Similarly, the classic spellings are fulfil and fulfilment – but one increasingly sees a doubling of the second L in both. Fulfill is listed in the Oxford English Dictionary Online only in the usage examples up to about 1600, but is now usual in the USA. Take your pick (but I know which way I’d go).

Are there any rules? Yes, but they’re tricky and inconsistent. The Atlantic is (as ever) the great divide – leaving Canadians adrift somewhere in the middle.

Verbs

UK: double final L if the preceding letter is A (befall, enthrall, install; but appal), single if it’s another vowel (distil, instil, enrol, annul)

US: inconsistent? Our American spell-check wants appall, instill and enroll, but is OK with the other single-L spellings in the previous line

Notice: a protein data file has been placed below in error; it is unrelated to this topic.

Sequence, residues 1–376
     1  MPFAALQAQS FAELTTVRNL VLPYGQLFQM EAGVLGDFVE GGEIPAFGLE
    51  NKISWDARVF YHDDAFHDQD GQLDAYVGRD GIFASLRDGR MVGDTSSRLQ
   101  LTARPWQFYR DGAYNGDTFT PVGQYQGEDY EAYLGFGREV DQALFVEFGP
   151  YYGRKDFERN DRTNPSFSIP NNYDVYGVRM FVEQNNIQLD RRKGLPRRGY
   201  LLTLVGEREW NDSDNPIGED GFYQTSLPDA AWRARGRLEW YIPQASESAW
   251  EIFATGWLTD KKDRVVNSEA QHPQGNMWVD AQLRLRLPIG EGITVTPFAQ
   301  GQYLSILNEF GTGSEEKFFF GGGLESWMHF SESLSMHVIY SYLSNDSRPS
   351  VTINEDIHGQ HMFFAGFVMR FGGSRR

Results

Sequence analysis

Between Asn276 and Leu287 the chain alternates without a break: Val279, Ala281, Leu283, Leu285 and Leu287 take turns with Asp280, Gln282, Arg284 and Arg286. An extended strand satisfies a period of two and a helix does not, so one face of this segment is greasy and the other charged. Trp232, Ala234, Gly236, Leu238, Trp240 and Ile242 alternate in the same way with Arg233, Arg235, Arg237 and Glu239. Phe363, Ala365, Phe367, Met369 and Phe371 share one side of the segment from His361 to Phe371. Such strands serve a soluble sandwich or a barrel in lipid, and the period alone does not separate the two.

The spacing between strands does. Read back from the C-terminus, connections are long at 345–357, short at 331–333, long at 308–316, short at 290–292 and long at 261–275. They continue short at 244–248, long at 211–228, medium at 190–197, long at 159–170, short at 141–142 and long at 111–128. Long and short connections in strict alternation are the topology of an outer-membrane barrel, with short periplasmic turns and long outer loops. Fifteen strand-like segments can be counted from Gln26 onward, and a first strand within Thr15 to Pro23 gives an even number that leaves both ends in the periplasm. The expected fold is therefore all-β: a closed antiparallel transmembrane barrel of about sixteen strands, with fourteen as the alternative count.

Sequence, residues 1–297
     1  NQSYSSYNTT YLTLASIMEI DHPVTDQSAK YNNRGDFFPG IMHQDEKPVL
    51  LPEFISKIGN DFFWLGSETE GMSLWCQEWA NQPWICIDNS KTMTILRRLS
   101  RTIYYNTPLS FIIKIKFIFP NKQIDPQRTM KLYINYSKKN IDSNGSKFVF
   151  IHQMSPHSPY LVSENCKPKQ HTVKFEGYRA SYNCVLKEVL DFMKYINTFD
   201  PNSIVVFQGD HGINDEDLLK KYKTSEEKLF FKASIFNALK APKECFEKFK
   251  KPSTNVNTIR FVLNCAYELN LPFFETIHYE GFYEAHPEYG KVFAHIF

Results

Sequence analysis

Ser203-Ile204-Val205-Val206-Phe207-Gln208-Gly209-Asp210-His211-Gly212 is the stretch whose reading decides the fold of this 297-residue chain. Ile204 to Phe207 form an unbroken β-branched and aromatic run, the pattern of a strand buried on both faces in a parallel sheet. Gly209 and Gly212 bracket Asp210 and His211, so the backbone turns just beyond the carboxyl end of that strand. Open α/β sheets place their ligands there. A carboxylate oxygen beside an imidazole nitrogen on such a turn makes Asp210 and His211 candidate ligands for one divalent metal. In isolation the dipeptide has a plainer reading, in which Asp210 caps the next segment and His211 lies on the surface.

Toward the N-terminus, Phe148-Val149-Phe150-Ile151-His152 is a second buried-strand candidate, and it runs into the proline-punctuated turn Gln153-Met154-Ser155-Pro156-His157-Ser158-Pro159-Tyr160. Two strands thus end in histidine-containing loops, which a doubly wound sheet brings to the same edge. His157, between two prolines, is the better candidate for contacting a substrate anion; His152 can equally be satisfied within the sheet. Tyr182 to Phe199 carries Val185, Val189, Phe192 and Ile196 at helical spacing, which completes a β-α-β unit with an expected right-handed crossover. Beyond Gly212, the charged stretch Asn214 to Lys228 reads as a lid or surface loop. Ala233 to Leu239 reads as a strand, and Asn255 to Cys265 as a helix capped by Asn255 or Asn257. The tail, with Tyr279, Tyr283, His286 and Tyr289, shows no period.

Derivatives of verbs ending in L

UK: double the L, unless it’s preceded by a long vowel sound (so, travelled but failed)

US: only one L (traveled, traveler)

Derivatives of nouns or adjectives ending in L

UK: when you add –ed, –er, or –y, the L is generally doubled (jewelled, jeweller, gravelly; but unparalleled); before –ish, –ism and –ist, not doubled (devilish, liberalism, naturalist; but panelist or panellist – and the Oxford prefers the double-L form)

US: generally not doubled after –ed and –er (jeweled, jeweler); panelist

Before –ment

UK: never double the L (fulfilment, instalment)

US: double away (fulfillment, installment)

Derivatives of words ending in –ll

Sometimes the second L disappears: almighty, almost, already, altogether, always (but NEVER alright; it’s two words, all right), skilful (Yanks want skillful), wilful (willful in the US of A)

The second L used to disappear (and still could, really) in dullness and fullness

Totally confused now?

Next writing tip: fractured French

Neil Guthrie (@guthrieneil)